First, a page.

With regard to job creation, believers throughout the ages understood that earning one’s livelihood must not disrupt the livelihood of others. Careers or businesses that create more problems—direct or structural—for the Ummah and humanity at large are not careers or businesses; they are crimes that destroy the order of the world. Today one gets more money in working for entities that destroy the world. Whereas in the worldview of Islam, the best of people is he who is most beneficial to people (khayr al-nasi man huwa anfa’u lil-nas).
Any meaningful work is encouraged as per the Prophetic injunction: “An earning in which there is diminishment in status is better for you than to ask from people.” The idea of being a farmer or a shepherd is not considered “low” from the point of view of the Shari’ah. As a result, this leads to the modern phenomena of unemployment whereas in reality, those who are unemployed are not necessarily ‘unemployable’ if a person at the very least possess the strength to undertake any kind of task.
It would have been a golden opportunity for job creation that is agreeable with the aforementioned vision in a place like present-day Malacca for instance, if the commercial life is built around the presence of the tomb of Shaykh Shamsuddin al-Sumatra-i (d. 1630)—one of the greatest Muslim scholars, spiritual masters, and warriors in the history of the Malay Archipelago—through social enterprises that would encourage more people to learn about the multifaceted religious, spiritual and literary contributions of a figure like Shaykh Shamsuddin, or goods that are expressions of the wisdom of this sage such as art and crafts, clothes, household products, or at very least, a book market. It is strange indeed that a place with such a rich history does not sell great books from the past.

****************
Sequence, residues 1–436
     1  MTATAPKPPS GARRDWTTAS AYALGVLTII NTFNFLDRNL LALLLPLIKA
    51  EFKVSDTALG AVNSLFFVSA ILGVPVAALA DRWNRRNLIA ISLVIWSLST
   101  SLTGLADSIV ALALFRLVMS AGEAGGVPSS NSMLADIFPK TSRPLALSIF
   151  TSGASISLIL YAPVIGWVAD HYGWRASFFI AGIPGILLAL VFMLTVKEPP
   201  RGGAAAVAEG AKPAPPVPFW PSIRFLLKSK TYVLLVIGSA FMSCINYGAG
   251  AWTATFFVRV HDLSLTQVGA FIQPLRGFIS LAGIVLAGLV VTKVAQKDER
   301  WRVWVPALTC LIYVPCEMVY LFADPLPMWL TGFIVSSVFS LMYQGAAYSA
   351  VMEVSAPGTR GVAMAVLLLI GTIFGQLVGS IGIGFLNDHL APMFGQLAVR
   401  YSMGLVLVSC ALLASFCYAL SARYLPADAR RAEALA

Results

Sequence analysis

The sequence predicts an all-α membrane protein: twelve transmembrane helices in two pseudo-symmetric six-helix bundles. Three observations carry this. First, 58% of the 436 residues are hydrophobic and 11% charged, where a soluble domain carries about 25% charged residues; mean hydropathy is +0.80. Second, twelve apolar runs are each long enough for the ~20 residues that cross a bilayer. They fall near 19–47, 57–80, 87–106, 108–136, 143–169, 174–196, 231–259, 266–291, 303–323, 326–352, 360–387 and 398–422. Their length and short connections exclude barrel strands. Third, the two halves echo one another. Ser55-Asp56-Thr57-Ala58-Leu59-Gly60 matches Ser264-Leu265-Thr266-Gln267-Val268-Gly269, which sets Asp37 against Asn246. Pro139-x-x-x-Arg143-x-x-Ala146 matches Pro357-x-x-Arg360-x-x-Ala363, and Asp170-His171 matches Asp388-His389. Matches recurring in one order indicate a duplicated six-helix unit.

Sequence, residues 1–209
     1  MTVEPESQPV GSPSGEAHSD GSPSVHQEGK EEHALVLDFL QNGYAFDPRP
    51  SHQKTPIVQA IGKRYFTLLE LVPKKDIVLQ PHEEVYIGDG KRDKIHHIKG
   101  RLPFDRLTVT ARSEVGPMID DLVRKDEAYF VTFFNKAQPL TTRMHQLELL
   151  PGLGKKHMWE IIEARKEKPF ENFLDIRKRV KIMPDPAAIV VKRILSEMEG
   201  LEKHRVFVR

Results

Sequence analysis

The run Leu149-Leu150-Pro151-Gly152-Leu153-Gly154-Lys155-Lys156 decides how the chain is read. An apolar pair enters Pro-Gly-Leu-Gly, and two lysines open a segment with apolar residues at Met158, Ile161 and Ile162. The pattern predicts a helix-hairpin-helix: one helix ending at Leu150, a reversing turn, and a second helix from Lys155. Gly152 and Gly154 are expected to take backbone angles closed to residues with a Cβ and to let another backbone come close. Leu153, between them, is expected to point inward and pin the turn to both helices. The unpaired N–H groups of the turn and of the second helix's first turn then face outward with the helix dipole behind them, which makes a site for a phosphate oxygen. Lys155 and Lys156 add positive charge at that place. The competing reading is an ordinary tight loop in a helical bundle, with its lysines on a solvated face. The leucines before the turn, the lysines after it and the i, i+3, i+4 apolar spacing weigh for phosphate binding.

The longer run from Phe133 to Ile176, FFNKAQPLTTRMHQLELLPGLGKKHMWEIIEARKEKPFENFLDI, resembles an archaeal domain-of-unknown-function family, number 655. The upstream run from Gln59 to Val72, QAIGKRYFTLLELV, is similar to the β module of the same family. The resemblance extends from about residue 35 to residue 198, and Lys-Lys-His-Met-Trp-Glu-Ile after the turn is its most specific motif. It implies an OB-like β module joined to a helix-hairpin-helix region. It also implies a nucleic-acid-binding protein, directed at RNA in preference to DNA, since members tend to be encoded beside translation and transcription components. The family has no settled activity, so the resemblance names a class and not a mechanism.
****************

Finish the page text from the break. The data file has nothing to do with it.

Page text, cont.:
The state government of Malacca could have emulated Konya in Turkey, whereby the presence of the tomb of Mevlana Jalaluddin al-Rumi (d. 1263) has continued to stimulate the economic activities of the city with roads, buildings, hotels, restaurants, shops and businesses throughout the old town named in Rumi’s honour – perhaps a sign of barakah by virtue of the people’s esteem for this man of God. Instead, what we see in Malacca is the growing presence of shopping malls which completely disjoints the entire character of Malacca.
Furthermore, how a believer pursues the personal good should be part and parcel of enhancing the common good (fard kifaya). An enterprise that destroys the common good is not really a business in Islam. Earning is supposed to lead to infaq (provisioning) to oneself, one’s family, and the community. There is a sense of personal responsibility—a clear moral direction as to what you do with your surplus (a moral economy).